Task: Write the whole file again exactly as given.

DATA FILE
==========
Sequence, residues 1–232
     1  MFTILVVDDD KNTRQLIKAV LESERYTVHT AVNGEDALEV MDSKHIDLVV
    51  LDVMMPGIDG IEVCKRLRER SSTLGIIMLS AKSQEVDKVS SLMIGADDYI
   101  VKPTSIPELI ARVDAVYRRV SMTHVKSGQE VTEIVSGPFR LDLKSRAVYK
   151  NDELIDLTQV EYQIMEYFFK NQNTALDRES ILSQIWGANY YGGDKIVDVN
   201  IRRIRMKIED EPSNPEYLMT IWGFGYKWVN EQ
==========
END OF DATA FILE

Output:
Sequence, residues 1–232
     1  MFTILVVDDD KNTRQLIKAV LESERYTVHT AVNGEDALEV MDSKHIDLVV
    51  LDVMMPGIDG IEVCKRLRER SSTLGIIMLS AKSQEVDKVS SLMIGADDYI
   101  VKPTSIPELI ARVDAVYRRV SMTHVKSGQE VTEIVSGPFR LDLKSRAVYK
   151  NDELIDLTQV EYQIMEYFFK NQNTALDRES ILSQIWGANY YGGDKIVDVN
   201  IRRIRMKIED EPSNPEYLMT IWGFGYKWVN EQ